To what shall we liken the kingdom of God? Or with what parable shall we picture it?
U.S. Marine Corps Drill Instructors are never to be referred to as 'Drill Sergeants' which is strictly an Army term in the American military; just in the same way as Marines should never be called "soldiers". The only acceptable address of a drill instructor by a recruit is "Sir" or "Ma'am."
In the U.S. Marine Corps, candidates for Drill Instructor (DI) are without exception volunteers. The tour of duty is three years and is widely regarded as one of the most intense, demanding, and important duties in the U.S. Armed Forces. Also, since the duty is referred to as "Making Marines", it often is one of the proudest moments of a Marines career because the responsibility is most directly involved with creating the future Marines of the Kingdom Corps.
The school requires instructor candidates to complete every task recruits are required to do. Training day typically begins around 4:00 a.m. (0400 in USMC military time) and ends around 7:30 p.m. (1930 hours), many times with specific training evaluations and end-of-day cleanups that require even longer days. At the end of each day, DI School students have to practice effective time management in studying for exams, practicing drill, rehearsing the teaching of drill movements verbatim, preparing uniforms, all while still making time for intense physical training(read 1Peter 4:12). The school lasts approximately three months with several classes running throughout the year.
Physical training "PT" as a unit is conducted at least three times a week, with each session lasting approximately two hours. Physical training also prepares recruits for the Marine Physical Fitness Test which consists of pull-ups, abdominal crunches, and a 3 mile run. Since a drill instructor is often required to spend up to 20 hours a day on his or her feet and to move fast at all times, various running sessions are conducted to enhance speed and endurance. Students are led by their squad instructors in ability group runs based on speed, gradually increasing distance and speed throughout the course.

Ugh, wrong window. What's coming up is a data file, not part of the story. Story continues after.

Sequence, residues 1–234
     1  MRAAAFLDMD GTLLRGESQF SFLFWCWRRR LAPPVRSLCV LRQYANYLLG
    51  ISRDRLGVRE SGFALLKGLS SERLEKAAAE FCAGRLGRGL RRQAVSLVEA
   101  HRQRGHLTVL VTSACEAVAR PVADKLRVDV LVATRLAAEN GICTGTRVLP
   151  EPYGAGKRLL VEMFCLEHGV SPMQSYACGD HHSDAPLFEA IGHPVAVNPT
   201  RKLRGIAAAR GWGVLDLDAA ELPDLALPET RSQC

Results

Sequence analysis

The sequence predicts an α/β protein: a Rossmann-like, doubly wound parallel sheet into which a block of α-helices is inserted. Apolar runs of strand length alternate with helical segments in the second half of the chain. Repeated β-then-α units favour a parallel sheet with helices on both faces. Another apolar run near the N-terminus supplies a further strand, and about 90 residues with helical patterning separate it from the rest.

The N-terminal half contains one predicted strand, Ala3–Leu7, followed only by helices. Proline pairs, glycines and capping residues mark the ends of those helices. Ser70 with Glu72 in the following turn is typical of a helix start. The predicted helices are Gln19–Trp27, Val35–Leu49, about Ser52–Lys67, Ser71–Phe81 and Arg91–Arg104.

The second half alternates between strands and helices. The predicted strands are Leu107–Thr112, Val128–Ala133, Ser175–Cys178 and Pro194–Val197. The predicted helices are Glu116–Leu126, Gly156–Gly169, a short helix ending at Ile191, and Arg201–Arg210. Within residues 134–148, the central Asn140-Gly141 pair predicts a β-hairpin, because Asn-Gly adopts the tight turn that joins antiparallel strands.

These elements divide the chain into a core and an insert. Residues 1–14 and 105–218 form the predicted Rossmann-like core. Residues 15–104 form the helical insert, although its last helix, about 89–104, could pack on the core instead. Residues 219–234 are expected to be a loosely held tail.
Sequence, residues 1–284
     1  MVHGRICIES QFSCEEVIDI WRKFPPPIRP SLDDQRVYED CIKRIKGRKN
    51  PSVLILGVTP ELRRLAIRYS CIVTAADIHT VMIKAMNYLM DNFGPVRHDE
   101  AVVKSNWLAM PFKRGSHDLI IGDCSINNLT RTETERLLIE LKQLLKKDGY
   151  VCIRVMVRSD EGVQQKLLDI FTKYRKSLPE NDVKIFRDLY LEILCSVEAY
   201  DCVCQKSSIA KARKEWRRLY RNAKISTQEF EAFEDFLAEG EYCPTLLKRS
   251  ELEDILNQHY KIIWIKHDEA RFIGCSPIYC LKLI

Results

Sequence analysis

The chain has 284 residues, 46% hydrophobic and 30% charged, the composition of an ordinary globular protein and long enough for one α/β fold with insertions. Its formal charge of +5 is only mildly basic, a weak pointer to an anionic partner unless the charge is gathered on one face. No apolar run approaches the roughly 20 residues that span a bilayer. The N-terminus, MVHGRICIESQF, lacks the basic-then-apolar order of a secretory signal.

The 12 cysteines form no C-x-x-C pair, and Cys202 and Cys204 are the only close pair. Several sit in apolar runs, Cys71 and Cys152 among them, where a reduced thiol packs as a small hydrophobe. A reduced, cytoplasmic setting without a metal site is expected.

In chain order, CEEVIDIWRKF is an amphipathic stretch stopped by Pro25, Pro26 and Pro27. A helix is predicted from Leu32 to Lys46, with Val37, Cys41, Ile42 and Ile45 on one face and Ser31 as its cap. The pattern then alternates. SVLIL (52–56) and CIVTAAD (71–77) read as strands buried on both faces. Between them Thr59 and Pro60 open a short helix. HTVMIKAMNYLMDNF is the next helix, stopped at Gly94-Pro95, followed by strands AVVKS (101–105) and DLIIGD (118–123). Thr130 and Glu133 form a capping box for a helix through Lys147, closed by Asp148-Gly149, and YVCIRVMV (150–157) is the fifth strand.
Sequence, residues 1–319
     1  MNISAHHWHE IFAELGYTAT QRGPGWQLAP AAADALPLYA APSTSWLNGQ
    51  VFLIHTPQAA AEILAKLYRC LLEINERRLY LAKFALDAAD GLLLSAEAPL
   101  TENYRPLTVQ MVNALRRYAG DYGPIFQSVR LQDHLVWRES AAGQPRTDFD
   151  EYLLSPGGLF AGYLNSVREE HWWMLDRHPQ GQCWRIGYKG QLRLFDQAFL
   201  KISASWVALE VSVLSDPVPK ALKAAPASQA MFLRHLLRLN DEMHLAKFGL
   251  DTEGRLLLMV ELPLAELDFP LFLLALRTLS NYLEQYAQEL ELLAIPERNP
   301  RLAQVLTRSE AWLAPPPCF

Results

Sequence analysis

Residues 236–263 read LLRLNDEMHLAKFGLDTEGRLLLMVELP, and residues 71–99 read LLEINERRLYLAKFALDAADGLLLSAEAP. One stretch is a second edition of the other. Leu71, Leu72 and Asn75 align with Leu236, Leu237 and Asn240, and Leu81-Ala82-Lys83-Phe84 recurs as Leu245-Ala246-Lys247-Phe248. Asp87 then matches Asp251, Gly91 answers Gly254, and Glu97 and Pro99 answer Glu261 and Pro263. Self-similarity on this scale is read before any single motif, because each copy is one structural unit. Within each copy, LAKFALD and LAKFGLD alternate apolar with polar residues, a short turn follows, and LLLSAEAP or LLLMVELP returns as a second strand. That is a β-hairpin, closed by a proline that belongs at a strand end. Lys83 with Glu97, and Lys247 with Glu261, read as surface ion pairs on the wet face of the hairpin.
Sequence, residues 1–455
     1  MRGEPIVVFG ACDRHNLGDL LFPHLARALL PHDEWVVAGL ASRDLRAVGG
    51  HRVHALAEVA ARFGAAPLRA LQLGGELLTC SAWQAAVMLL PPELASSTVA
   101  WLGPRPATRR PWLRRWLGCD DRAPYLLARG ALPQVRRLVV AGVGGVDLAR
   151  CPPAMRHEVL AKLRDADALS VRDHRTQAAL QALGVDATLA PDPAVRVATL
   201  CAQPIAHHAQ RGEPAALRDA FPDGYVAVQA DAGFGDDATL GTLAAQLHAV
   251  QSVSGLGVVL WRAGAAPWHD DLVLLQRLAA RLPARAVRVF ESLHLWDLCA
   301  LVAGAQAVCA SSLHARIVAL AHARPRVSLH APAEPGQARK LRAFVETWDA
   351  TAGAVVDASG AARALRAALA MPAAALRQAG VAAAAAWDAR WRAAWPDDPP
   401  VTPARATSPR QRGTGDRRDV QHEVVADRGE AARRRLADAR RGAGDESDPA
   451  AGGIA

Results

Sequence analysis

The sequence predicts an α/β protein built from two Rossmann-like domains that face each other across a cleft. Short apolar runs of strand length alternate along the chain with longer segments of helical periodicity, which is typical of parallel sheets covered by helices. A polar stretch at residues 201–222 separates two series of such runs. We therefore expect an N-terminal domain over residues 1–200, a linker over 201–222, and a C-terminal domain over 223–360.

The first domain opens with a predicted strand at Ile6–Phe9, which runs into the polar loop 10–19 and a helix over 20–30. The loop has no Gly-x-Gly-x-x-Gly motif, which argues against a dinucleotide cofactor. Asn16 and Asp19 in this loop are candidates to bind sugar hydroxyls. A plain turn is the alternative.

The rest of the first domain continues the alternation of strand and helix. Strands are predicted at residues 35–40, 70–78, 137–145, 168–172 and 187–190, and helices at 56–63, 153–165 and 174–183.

Drill and discipline are crucial parts of the Drill Instructor School curriculum.Every student is continuously evaluated, corrected, and mentored, with special attention paid to even the smallest of details, such as the placement of a finger within 1/4 inch of its required location along a trouser seam, angle of the weapon, and positioning of the student in relation to the unit. Required knowledge is constantly taught and evaluated in the form of written exams, practical applications, and inspections. Uniforms are inspected continuously, with surprise inspections conducted randomly in addition to the scheduled inspections.
The drill instructor is expected to convey the best possible Marine Corps image to recruits and to America and to conduct his/herself to the highest Marine Corps leadership and integrity standards as well as to IMPART these standards to every recruit they train.
These new drill instructors bear the burden of responsibility for breaking down a recruits sense of self and selfishness, so that the more experienced drill instructors can focus the recruits on selflessness, obedience, and fraternity.
For their successful service, Marine drill instructors are awarded the Drill Instructor Ribbon, however, most former drill instructors are easily recognizable without it by their demeanor, performance, and leadership.
The Discipleship Instructor Creed of the Kingdom Corps is:
"These recruits are entrusted to my care. I will train them to the best of my ability.
I will develop them into smartly disciplined, physically fit, basically trained Kingdom Marines, thoroughly indoctrinated in love of Corps and country.
I will demand of them, and demonstrate by my own example, the highest standards of personal conduct, morality and professional skill."
Nothing less, Nothing more. JESUS